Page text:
The Millennium Cohort Program is a long-term research study sponsored by the Defense Department, Defense Health Agency. Both the Millennium Cohort Study of service members and the Millennium Cohort Family Study of military spouses investigate the impact of service life on military service members and their families. They provide a critical view of how military life impacts relationship quality and the physical and psychological health of service members and their families both during and after service affiliation.
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Millennium Cohort Program
Millennium Cohort Family Study InfographicsFamily Life and Career Experience: Influence on Military Satisfaction and Career Intentions
Understanding factors that contribute to retention is critical for the military. This research identified factors that contribute to service members’ career satisfaction/dissatisfaction and their intentions to stay or separate from the military.Families Serve Too: Military Spouse Well-Being After Separation From Active-Duty Service
Separating from the military can affect the service member’s spouse in both positive and negative ways. Spouses whose families transitioned from active-duty service experienced increased post-traumatic stress symptoms and a decline in the quality of their marital relationships. However, they also experienced less work-family conflict.Longitudinal Patterns of Military Spouse Alcohol Consumption
Most spouses in this study had healthy drinking habits. Factors associated with risky drinking included being younger, male, prior alcohol use, cigarette use, having a partner exposed to combat while deployed and symptoms of post-traumatic stress, particularly combined with depression.Depression Among Military Spouses: Demographic, Military and Service Member Psychological Health Risk Factors
Nearly 5% of military spouses in this study were found to have a probable diagnosis of major depressive disorder. Factors increasing the likelihood of depression include less educational attainment, large family size, unemployment, prior military service and having a spouse with PTSD.Association of Military Life Experiences and Health Indicators Among Military Spouses
The majority of military spouses in this study met Healthy People 2020 national health goals with the exception of strength training and maintaining a healthy weight. The study found that family support from the military was associated with healthier behaviors while having no one to turn to for support was associated with poorer behaviors.The Impact of Military and Nonmilitary Experiences on Marriage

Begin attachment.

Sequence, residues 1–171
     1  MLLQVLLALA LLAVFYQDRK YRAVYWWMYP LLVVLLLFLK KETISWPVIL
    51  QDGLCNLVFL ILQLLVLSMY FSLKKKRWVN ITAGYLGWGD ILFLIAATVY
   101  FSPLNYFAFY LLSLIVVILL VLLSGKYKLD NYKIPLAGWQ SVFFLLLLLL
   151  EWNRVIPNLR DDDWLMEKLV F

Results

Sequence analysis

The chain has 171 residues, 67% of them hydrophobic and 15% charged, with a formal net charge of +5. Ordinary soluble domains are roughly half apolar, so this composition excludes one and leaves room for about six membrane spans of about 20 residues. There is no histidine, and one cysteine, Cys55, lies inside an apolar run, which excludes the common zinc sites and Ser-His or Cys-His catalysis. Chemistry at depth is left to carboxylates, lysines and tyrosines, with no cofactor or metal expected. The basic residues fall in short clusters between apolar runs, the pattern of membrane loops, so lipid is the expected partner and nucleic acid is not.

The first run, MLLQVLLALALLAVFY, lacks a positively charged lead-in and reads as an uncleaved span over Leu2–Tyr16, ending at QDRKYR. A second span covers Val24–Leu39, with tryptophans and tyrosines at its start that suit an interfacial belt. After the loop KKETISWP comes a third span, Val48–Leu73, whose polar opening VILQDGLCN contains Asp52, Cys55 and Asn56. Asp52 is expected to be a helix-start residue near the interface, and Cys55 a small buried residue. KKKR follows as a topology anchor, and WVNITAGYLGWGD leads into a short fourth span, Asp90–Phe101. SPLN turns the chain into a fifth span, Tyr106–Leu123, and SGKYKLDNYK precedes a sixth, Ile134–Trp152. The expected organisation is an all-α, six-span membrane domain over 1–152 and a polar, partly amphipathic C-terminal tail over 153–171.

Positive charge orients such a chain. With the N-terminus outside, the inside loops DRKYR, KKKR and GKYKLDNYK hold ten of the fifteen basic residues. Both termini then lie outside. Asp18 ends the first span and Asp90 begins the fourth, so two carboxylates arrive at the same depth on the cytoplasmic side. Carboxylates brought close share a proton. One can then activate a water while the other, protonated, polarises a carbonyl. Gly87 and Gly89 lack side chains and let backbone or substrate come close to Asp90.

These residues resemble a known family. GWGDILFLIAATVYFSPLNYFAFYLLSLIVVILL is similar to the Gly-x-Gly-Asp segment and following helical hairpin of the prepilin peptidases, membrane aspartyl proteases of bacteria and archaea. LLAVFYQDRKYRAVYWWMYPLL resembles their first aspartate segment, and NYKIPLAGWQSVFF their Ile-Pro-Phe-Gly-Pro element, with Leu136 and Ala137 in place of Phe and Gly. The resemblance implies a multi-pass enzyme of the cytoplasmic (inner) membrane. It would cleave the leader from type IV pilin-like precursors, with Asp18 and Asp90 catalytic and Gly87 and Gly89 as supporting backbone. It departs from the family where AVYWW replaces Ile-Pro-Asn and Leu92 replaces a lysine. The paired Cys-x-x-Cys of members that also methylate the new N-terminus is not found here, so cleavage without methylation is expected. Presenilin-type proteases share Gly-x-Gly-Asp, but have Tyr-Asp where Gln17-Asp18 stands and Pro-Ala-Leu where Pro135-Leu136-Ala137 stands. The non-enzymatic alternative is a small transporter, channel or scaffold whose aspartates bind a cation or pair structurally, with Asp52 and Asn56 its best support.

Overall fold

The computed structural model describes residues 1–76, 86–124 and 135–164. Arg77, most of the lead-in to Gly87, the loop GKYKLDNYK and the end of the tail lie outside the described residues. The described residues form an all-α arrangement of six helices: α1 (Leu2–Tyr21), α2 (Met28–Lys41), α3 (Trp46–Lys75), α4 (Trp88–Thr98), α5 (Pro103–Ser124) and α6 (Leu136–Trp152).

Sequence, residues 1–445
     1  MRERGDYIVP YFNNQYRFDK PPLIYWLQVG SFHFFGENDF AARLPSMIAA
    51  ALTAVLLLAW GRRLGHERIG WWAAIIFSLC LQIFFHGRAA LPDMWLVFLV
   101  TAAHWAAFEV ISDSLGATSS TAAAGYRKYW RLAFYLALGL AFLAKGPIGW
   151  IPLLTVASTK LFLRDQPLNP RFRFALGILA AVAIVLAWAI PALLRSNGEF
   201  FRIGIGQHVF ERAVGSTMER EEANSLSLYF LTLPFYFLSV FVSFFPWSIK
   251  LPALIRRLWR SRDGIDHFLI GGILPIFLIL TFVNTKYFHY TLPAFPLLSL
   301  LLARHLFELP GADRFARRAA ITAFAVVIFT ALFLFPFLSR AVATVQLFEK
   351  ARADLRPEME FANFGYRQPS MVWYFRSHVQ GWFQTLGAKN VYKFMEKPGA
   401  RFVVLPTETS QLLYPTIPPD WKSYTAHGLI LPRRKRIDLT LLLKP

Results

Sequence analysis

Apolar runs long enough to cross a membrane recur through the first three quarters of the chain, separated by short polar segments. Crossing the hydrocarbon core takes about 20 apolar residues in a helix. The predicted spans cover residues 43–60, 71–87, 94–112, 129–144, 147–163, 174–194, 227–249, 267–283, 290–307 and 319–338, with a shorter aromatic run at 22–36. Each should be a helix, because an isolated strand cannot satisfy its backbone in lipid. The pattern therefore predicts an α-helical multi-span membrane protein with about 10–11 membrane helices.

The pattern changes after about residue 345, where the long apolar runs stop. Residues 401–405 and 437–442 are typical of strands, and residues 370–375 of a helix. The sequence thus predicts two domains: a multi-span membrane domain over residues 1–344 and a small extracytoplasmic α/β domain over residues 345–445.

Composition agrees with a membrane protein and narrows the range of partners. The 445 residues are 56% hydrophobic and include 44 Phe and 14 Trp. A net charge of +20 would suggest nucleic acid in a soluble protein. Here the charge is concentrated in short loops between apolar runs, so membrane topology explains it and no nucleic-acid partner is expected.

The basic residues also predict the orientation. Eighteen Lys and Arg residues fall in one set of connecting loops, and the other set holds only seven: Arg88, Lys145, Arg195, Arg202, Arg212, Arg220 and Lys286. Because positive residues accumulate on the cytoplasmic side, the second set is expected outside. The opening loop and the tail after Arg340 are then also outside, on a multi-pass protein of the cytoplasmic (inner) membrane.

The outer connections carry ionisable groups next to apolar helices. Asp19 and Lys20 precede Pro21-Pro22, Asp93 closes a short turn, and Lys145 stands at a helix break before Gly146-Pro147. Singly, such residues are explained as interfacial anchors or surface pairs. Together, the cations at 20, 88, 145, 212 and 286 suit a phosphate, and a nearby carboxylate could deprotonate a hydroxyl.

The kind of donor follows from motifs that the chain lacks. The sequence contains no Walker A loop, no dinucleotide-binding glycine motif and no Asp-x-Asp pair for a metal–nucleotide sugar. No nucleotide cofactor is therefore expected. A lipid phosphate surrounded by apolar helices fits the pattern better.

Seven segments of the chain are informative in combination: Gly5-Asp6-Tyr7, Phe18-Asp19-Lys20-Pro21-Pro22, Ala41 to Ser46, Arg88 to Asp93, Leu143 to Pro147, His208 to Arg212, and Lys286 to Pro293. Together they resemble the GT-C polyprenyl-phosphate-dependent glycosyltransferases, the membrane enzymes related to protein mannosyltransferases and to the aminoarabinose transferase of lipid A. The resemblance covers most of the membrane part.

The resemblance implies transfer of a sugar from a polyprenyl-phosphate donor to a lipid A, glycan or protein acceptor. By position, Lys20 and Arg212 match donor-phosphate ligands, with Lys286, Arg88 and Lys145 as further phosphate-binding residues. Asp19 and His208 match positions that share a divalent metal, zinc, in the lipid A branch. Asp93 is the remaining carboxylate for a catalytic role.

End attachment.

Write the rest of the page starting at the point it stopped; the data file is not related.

Results of a study on military life and the well-being of military marriages indicated that most couples in the military community do not experience negative consequences from military life. However, there may be impacts for couples who experience significant work-family conflict, and in cases where a service member experiences post-traumatic stress. Also couples without good family or friendship networks and significant financial strain also experience more difficulty.Influence of Work and Life Stressors on Marital Quality Among Dual and Non-Dual Military Couples
Stressful military events negatively affect marriage quality, with women in dual-military marriages reporting lower marital quality due to military stress, according to this study. The findings highlight the importance of supporting military spouses through stressful events and potentially tailoring support for female dual spouses.Mental Health of Children of Deployed and Non-Deployed Military Service Members
Most military children are functioning well. However, in a minority of children, a parent’s deployment has been linked to attention deficit disorder, attention deficit hyperactivity disorder, depression and anxiety. The study found that strong family relationships can protect children from the stresses of military life.Patterns of Strengths in Military Couples
The majority of military couples have a strong belief system, social support and good family communication. The study found that lower strengths in these areas were linked to lower mental health, marital quality and military satisfaction. These findings highlight the need to adopt a family-centered perspective in military resilience programs and policies.Demographic Stress Factors for Military Spouses
The study examined military life stress and perceived support among different groups of spouses. Results indicated that spouses over age 35 with a high school diploma or less and two or more children, among other factors, were more likely to report military life stress and less perceived support. Spouses who were part of a dual military couple reported less military life stress and higher perceived support than spouses who had not served.Perceived Barriers to Mental Health Care Among Military Spouses
Military spouses face unique stressors but may be reluctant to seek mental health care. The study found that the most frequent barrier to care is logistical, followed by negative attitudes towards mental health care. Spouses with prior or current military service report more negative beliefs about mental health care and greater fear of negative consequences.